See who's tracking your online browsing with this new add-on
Online privacy is already tough to nail down, and everywhere you go on the internet retains little traces of your presence. You're still easily traceable, even if you take more precautions than the average user takes. Lightbeam (via PC World), is an interesting new add-on from Mozilla, is an informative new tool that shows us exactly which sites are tracking or otherwise gleaning data from you.
For many of us, one of the most enjoyable aspects of fitness is seeing the results. It's not the only reason we workout, of course--fresh air and the endorphin rush make it pretty worth it, too--but who doesn't enjoy the thrill of running a faster mile, climbing a bigger hill, or lifting increasingly more weight?
Just as we do with our computers, we love analyzing the data from our workouts. Be it the speed at which we run, the power we output when we cycle, or simply the number of calories we burn, these sites will help you record it all, complete with graphs and charts to track your progress in the various activities you do to stay fit. Whatever your sports are, there's sure to be one or more that will help you take your fitness to the next level. Pair them with your smartphone to get the most out of your workouts.
Privacy advocates aren't going to like this one, but a 2-1 ruling in the U.S. Circuit Court of Appeals for the Sixth Circuit has given law enforcement officials the legal right to track suspects by cell phone in real-time without first obtaining a warrant. The ruling revolves around a case in which Melvin Skinner, a convicted drug trafficker, sought to have his charges dismissed on the basis that his arrest ran afoul of the Fourth Amendment.
Google has agreed to pay $22.5 million to settle charges with the Federal Trade Commission (FTC) alleging the sultan of search placed tracking cookies on computers running Apple's Safari browser that effectively bypassed the browser's built-in privacy measures. It's the largest fine ever handed out by the FTC, and one the government organization hopes will serve as a deterrent to other companies who might look to profit at the expense of privacy.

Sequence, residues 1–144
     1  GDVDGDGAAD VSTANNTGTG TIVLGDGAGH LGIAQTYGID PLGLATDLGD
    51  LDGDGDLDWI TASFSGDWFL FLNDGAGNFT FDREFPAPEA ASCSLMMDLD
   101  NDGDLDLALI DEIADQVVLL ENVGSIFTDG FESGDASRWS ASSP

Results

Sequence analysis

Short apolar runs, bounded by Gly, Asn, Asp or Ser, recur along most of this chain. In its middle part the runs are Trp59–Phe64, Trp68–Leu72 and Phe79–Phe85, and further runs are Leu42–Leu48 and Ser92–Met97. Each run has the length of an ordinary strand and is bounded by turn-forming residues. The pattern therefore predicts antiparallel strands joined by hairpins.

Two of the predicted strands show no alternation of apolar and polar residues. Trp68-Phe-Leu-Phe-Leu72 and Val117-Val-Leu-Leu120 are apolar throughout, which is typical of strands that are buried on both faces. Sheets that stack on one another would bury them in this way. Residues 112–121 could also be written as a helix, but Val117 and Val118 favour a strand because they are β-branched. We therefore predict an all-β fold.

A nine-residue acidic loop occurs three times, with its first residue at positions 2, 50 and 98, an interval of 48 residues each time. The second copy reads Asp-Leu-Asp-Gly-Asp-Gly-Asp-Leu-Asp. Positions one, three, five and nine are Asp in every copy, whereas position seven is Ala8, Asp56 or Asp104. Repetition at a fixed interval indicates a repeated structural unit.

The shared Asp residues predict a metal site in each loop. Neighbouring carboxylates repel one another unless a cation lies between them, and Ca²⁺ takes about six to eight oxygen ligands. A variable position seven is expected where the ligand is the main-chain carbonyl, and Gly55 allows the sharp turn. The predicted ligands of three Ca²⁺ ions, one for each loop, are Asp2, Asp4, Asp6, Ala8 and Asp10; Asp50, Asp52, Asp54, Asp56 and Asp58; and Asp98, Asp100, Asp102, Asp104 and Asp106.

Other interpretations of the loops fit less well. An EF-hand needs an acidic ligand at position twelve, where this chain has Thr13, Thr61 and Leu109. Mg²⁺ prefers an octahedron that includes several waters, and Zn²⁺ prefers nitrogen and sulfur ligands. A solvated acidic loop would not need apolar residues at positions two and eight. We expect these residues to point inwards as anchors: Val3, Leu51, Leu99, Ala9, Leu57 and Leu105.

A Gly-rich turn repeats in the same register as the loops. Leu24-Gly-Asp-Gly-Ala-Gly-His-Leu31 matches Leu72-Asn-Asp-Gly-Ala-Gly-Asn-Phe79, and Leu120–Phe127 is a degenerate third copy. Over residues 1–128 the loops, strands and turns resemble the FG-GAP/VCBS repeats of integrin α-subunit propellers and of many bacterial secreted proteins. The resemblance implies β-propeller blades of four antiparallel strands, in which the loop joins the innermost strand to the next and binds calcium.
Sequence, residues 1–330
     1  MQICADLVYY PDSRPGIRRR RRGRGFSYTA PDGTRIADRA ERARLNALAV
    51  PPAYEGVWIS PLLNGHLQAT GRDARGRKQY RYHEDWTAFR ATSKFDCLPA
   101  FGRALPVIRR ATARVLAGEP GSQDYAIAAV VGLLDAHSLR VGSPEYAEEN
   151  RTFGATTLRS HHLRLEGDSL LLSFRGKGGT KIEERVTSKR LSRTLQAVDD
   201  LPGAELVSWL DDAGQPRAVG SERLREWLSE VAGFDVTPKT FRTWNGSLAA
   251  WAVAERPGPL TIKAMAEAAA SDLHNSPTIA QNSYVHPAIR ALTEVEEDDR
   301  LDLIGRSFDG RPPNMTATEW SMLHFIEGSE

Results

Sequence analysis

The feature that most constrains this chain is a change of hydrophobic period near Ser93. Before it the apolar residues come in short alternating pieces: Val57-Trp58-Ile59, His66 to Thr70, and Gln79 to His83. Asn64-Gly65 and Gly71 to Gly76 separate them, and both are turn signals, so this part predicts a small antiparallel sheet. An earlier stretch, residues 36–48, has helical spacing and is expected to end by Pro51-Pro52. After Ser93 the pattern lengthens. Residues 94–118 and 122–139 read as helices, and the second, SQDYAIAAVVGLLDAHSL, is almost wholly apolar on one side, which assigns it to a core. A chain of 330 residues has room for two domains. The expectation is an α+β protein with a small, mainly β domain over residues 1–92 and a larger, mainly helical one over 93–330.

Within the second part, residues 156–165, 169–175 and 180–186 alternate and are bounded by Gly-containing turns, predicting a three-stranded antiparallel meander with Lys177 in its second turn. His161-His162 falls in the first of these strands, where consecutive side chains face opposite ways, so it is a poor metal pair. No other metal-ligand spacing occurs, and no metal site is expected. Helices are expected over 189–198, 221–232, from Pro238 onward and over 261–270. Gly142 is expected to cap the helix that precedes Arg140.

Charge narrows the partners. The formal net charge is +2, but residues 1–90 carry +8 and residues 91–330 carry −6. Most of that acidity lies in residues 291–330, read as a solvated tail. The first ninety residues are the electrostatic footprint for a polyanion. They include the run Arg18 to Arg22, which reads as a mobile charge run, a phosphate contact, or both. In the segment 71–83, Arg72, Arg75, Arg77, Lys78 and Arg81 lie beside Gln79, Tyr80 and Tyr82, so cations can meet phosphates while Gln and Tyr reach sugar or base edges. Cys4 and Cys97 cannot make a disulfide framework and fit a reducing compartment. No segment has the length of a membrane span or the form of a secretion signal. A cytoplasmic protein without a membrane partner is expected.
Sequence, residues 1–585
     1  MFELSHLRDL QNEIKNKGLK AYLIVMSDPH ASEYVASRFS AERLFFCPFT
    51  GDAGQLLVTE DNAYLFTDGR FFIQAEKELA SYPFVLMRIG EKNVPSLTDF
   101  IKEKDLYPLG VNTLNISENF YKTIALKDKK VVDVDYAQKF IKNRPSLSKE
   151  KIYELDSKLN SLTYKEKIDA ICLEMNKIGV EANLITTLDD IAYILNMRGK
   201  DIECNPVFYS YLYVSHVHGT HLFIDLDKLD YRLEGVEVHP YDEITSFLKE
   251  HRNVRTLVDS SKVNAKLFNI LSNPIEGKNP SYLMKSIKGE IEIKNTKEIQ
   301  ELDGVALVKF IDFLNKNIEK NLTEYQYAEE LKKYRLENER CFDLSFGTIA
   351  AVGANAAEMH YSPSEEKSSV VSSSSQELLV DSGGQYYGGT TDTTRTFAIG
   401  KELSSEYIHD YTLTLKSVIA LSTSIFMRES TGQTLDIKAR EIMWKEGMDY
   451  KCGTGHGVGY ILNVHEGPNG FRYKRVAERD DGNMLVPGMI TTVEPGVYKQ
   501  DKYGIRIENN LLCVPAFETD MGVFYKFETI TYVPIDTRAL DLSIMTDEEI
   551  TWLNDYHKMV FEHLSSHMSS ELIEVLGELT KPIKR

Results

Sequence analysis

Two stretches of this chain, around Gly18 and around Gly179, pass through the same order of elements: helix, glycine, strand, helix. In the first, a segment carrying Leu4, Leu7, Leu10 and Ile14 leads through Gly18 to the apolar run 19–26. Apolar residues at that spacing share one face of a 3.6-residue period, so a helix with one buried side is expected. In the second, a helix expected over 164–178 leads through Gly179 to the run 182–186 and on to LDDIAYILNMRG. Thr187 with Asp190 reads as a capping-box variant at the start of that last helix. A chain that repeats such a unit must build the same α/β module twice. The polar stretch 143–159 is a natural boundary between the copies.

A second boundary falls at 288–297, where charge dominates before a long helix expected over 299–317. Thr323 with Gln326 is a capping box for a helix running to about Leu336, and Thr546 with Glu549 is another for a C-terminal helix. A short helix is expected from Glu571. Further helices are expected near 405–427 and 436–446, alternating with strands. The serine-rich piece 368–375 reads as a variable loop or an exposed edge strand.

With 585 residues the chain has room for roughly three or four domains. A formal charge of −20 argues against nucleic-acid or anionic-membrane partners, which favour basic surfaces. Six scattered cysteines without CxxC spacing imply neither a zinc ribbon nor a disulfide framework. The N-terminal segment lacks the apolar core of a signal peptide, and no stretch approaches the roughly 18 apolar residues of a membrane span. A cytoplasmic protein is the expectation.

Having clothes that you love is great. Discovering after one too many trips to your local waffle house that those clothes no longer fit? Well, that sucks. As part of your efforts to get you back into your favorite threads, we suggest you give Lose It! a try. It’s our Chrome Web App of the Week and using it couldn’t be easier.
When a sticky-fingered thief pilfers your laptop, you rarely get a chance to track him down – unless you use Prey, that is. We've already covered how to use the GPS-enabled, screenshot-sending program to recover your notebook in just that circumstance, but creative researchers at MIT have started using Prey for a more humane effort. They've begun installing the software on second-hand electronics sent to developing countries in Indonesia, South Asia and Africa to help charities put a face to people who are helped by the donations.
A laptop is a lot of things—it’s a mobile entertainment center, a portal to the web, and a way to get work done away from home. More than anything, though, it’s a freakin’-expensive piece of hardware that you absolutely do not want to lose.
Of course, the best way to keep your laptop is to not get it stolen in the first place. But if you do, you can be prepared to try and track it down.
Calling in sick to school and then heading to the arcade is getting to be more difficult than ever. First, there aren't many arcades left to begin to with. But even more tricky is the use of GPS tracking. According to an OC Register report, the Anaheim Union High School District is the first in California to pilot the use of GPS to track students who have a history of skipping class.
I've spoken of the wonders of Chrome's Google Mail Checker Plus extension before. If you missed the memo, here's a quick hit: Mail Checker Plus drops a little icon next to your address bar that gives you a frequent update as to how many unread messages are in your Gmail account. You'd think that was it, given the simplicity of what said extension has to do. However, Google Mail Checker Plus dumps a ton of options into your lap for complete and total customization of this little icon and its functionality, including the ability to drop a preview window that gives you a quick glance as to what said emails actually are, as well as complete color controls and "always-on" SSL connectivity.
Great, eh? But frequent users of Google's services will note that there's more than just Gmail to worry about. What's going on in your Google Reader feed? Any new messages come through Google Voice? What the heck is Wave and how many unread messages do you have on your watery messaging service?
That's where the simplicity of the extension One Number comes into play. To find out what this helpful add-on does, and learn all about its extensive configuration options, hit the jump!
Boo. That's exactly what the various advertising networks on the Internet are saying to one another as they possess your browsing experience without your knowledge. Okay, so the situation isn't that grim--it's not as if the various Web tracking services and advertising networks are typing strange messages into your search boxes or sending you off to arcane locations via your address bar. Still, nobody likes the feeling like their activities are being looked at.
And that's where the Firefox add-on Ghostery comes into the picture. Like Casper, this friendly little ghost-themed program does an excellent job of showing you exactly who's tuning in to your Web activity. But that's not all--this extension does a bit more than just notify you of the fellow spooks in the room.
Click the jump to check out the rest of Ghostery's feature-set!